By Joshua Burd
After a sleepy first half of the year, New Jersey’s office market woke up in the third quarter.
And it did so in a big way — thanks to a flurry of high-profile leases that reached the finish line.
“It’s a quarter of big deals,” said Jon Meisel, a Parsippany-based broker and managing director with JLL. “I think we had a little bit of a holding period — there was a lot of uncertainty in the markets for most the year — and I think we’re making up for the lost time.”
That has brought more optimism to the market, said Meisel, whose firm released its latest market report on the northern and central New Jersey office sector. Researchers with JLL recorded more than 1.5 million square feet of positive absorption during Q3, with a major boost coming from large tenants that were seeking to upgrade their space.
That surge — fueled by about 3.5 million square feet of leasing velocity — follows two quarters in which the region saw 210,300 square feet of negative absorption, JLL said. But the dramatic reversal has pushed vacancy down to 24 percent, its lowest point since early 2009.
In the process, it was New Jersey’s suburban submarkets that stood out during Q3, most notably the Route 24 submarket. JLL said the area boasted the largest volume of absorption of any submarket it tracks in the region, driven by Allergan’s 431,495-square-foot lease at 5 Giralda Farms.
The facility will be the Dublin-based pharmaceutical company’s new U.S. headquarters, thanks in part to a 10-year, $58.2 million Grow New Jersey that allows it to consolidate its Bridgewater, Jersey City and Parsippany offices. As a result, the Route 24 Class A vacancy rate plunged six percentage points from mid-2016 to less than 26 percent — its lowest level in two years.
“It was the transit-oriented and the urban markets that garnered the headlines during previous quarters, but I think that this quarter shows that the suburban markets are still in play,” said Stephen Jenco, JLL’s director of tristate suburban research. “That was encouraging, because many of the suburban markets were taking a bad rap during past few quarters or so, but I think what we saw in the third quarter was some renewed interest in these markets.”
Experts with JLL cautioned that the positive absorption can be overstated. Meisel said that big tenants in the market may in fact be expanding, but are also consolidating its footprint from several different locations.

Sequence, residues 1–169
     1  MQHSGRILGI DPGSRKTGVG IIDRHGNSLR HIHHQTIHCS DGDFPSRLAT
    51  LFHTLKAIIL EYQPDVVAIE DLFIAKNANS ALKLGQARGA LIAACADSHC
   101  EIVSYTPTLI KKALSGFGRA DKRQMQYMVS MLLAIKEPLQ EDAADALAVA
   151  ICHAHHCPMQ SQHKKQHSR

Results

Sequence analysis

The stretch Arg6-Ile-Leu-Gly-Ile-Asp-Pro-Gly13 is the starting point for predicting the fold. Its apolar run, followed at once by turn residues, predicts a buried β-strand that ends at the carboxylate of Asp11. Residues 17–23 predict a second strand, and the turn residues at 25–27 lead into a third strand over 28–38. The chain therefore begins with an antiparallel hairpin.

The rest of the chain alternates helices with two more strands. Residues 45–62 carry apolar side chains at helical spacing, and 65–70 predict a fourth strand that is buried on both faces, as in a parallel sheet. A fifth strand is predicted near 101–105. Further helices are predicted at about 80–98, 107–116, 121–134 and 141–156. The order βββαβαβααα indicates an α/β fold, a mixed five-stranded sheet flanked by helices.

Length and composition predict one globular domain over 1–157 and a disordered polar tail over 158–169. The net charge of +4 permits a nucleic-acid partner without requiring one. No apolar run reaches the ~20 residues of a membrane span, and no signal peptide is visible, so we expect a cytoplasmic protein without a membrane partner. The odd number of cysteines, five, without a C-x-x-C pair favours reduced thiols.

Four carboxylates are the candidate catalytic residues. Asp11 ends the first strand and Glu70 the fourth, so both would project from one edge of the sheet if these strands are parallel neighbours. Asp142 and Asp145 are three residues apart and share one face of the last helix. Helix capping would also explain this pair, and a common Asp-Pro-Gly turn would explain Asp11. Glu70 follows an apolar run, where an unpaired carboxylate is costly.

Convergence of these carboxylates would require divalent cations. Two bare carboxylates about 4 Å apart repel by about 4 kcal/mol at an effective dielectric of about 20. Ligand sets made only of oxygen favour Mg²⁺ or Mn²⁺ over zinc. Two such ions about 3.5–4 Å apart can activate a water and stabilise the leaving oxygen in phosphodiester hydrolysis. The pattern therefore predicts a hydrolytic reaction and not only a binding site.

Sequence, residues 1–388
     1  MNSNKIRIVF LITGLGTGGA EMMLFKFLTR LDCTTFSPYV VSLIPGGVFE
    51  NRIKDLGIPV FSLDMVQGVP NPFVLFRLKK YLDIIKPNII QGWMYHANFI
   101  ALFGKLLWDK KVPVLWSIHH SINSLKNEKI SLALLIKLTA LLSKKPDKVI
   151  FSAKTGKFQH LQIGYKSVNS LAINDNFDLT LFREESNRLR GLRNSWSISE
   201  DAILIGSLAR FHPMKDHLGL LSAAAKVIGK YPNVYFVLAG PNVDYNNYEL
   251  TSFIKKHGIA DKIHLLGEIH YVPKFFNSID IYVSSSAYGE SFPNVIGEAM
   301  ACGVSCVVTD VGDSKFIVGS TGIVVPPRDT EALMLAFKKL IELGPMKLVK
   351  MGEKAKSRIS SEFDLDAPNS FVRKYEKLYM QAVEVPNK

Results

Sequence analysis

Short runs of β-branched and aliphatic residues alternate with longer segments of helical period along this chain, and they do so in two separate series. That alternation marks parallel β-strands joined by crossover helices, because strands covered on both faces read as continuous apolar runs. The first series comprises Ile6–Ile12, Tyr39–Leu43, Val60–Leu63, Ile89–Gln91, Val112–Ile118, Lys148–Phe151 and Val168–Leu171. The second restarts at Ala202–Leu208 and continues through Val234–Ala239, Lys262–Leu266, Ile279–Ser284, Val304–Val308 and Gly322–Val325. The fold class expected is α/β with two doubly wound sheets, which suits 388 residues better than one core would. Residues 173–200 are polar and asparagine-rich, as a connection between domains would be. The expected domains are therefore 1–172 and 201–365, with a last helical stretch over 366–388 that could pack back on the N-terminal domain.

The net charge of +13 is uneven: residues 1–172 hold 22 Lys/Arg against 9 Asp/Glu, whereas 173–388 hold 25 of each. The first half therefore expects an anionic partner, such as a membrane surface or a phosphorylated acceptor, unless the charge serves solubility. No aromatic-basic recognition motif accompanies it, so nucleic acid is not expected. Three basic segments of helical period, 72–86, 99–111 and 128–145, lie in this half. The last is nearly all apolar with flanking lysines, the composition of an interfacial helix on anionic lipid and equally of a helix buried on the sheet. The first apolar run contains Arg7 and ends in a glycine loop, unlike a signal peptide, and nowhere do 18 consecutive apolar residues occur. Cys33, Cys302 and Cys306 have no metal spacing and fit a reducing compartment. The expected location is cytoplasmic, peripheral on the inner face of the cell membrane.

In many cases, those different locations still have leases that don’t expire for several years and will ultimately become available for sublease, he said. But those availabilities may not be reflected in market statistics until subsequent quarters.
Still, Q3 brought a welcome boost to New Jersey’s office market.
Along with the success of the suburbs, Jenco said Q3 was also marked by tenants’ continued flight to quality. For instance, of the more than 1.5 million square feet of net absorption recorded during Q3, more than 80 percent of it was in Class A space.
“That’s a continuation of a trend that we’ve seen during the past few quarters — that migration to better-quality space,” Jenco said. “And that really manifested itself in the third quarter.”
JLL also found that, while banking, financial services, pharmaceutical and life sciences firms have historically led the way in office demand, information and technology companies have stepped up recently. They include iCIMS newly signed 350,000-square-foot lease with Somerset Development at the redeveloped Bell Works in Holmdel, along with iconectiv’s recent 115,000-square-foot deal at SJP Properties’ Somerset Corporate Center I in Bridgewater.
JLL’s Q3 market report also included several notes about rental rates in the region:
- The average asking Class A rental rate for direct space was just above $28 per square foot in Q3. The state’s Class A rental rate had inched less than 1 percent higher from one year ago.
- With an average asking Class A rental rate of nearly $38.40 per square foot, the Hudson waterfront maintained the highest rental rate in northern and central New Jersey.
- The Metropark submarket’s $31-per-square-foot Class A rental rate remained the highest rental rate among Central Jersey submarkets.